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HOLYHEAD is familiar to every reader as the favourite point of rendezvous for
all who are on their way to the Irish capital. By the admirable arrangements of the Post-
office, and the sure and swift-sailing packets that are here in regular attendance, a
passage across the Channel is now a matter of as much certainty, as to time, as that
of the mail from London. The perfect order and the surprising expedition with which
passengers and dispatches may thus be forwarded to and from Dublin are the general
theme of admiration amongst foreigners, and a means of vast accommodation to our
own commercial houses. During a long series of years the improvement of Holyhead
has engaged the special attention of Government; every suggestion, entitled to the
approbation of skilful and experienced engineers, has been liberally carried into effect:
so that in the present day it seems hardly possible that any packet-station can offer
greater facilities for all the purposes of Government, or for the interests of social and
commercial intercourse, than Holyhead. The steam vessels that carry the daily mails
are of the best possible construction, commanded by experienced naval officers, and
affording excellent accommodation for the passengers who are constantly passing to
and fro between the British and Irish shores.

The harbour of Holyhead is shaped by the natural cliffs, which overhang the sea,
on the verge of which stand the ancient sanctuary of the place and its cemetery. The
foundation of thus church — originally a small monastery — dates from the close of the
fourth century: it was long afterwards remodelled into a college of presbyters by one of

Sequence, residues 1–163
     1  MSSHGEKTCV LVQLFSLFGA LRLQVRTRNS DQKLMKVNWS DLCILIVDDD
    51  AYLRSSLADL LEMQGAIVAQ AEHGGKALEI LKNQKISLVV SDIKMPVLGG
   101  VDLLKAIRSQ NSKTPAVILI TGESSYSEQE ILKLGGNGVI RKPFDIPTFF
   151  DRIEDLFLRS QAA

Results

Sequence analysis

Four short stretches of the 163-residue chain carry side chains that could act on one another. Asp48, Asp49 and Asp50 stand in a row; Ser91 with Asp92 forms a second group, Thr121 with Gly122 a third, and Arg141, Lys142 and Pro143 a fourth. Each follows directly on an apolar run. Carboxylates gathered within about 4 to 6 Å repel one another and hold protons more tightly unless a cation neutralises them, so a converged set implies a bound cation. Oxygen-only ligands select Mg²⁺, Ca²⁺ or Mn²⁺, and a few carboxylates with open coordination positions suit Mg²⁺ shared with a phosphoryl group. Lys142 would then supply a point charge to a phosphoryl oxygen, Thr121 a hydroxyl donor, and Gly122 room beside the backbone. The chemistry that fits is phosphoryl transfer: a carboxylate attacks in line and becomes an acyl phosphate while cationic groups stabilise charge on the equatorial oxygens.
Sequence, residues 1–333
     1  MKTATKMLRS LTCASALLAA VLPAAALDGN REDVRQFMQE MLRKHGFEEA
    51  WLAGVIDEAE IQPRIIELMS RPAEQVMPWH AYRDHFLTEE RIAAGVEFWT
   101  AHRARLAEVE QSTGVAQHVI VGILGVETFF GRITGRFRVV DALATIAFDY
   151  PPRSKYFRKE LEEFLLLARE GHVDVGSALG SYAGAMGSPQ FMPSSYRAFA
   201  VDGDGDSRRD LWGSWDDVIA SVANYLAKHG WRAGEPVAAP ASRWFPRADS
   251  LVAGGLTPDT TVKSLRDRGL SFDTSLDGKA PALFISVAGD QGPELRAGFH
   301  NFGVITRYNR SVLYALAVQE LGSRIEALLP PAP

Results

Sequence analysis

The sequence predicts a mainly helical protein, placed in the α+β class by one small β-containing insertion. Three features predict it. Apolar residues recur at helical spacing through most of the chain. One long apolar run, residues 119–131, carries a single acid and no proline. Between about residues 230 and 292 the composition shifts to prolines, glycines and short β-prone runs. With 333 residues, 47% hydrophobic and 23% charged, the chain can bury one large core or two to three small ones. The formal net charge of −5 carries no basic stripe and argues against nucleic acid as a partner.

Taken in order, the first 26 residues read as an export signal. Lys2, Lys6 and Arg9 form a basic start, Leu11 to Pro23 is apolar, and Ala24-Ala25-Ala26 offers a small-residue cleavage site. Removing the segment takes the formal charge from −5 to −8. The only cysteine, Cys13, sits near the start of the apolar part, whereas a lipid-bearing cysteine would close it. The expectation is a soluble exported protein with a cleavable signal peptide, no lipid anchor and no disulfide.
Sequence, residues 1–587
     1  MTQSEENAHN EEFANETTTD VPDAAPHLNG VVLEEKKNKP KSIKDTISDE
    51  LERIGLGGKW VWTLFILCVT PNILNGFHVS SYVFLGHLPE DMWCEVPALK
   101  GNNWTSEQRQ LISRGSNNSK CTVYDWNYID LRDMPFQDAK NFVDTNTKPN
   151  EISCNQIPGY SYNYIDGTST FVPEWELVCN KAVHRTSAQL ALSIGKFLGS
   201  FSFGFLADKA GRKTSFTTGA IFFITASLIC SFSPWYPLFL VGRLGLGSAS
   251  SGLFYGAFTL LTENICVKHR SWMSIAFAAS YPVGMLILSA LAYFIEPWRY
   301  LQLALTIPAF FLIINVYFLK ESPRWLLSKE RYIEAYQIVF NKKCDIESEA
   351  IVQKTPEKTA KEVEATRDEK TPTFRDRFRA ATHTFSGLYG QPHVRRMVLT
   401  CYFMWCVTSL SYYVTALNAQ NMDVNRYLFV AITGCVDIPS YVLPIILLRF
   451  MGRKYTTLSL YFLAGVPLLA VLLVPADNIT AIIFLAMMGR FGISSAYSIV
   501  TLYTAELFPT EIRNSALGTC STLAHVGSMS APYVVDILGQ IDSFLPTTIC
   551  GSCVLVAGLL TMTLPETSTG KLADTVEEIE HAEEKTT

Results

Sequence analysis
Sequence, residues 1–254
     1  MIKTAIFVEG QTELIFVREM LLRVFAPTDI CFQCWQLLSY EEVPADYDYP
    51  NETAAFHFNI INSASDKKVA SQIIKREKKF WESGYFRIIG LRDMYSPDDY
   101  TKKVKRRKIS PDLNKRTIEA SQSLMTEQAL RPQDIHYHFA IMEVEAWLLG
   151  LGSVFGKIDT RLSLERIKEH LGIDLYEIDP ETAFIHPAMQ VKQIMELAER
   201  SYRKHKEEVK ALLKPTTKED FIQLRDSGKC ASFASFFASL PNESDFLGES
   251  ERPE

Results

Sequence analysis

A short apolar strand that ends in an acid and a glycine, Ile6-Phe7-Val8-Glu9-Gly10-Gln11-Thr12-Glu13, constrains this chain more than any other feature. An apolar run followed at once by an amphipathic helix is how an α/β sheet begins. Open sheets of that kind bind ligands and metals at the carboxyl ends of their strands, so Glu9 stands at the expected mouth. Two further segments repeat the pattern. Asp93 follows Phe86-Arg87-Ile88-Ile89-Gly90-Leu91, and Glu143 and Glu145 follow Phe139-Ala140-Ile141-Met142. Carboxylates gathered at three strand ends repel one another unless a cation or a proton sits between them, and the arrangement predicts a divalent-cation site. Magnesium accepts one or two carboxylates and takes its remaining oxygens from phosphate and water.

the Lords of Anglesey; and, after under- going many alterations suitable to the varying
taste of the ages through which it has passed, it assumed its present appearance —
that of an embattled edifice built in the shape of a cross.

Under the Head — the mountain from which the harbour takes its name, and
which overshadows the town — are two rocky eminences nearly opposite the church,
both of which are crowned with ruins which carry the mind far back among the bright
days of Cambrian independence. In the rock is a wide and lofty cavern, supported
by natural columns, on which tradition has conferred the title of the Parliament-
house; and it is not to be denied that patriotic legislators have been often worse
accommodated. This curiosity requires to be visited in a boat. On the highest point
stands an uncemented circular stone wall, about ten feet in circumference, which is
conjectured to have served as a pharos in ancient times; for this coast has a perilous
celebrity attached to it, and no vessel could safely approach the haven by night without

a warning signal of this kind.

The pier of Holyhead is admirably constructed. It is built on a small island north
of the harbour, called Inys-halen, and combines in an eminent degree the requisites
of security and accommodation in a work of such importance to the interests of trade.
The foundation was laid in 1809, under fortunate auspices; and the grand object,
which had been so long and anxiously cherished, was happily accomplished, under
the able direction of Mr. Rennie, within a comparatively short period. It has a depth
of four fathoms water, so that vessels of heavy burden can ride at anchor in perfect
safety. At the extremity is a lighthouse, finely proportioned, substantially built, and highly
ornamental as well as useful to the pier and harbour.

The pier extends a thousand feet in length; and close adjoining to it are the
Customhouse, with several respectable family houses, among which are those for the
harbour-master and resident engineers. The lighthouse contains twenty lamps and
reflectors, at an elevation of more than fifty feet above the sea, and exhibiting in every
direction a steady blaze of light. At the present time, works for improving and enlarging
the harbour are proceeding on a very extensive scale, and bid fair, upon completion, to
render Holyhead one of the first harbours of the United Kingdom.

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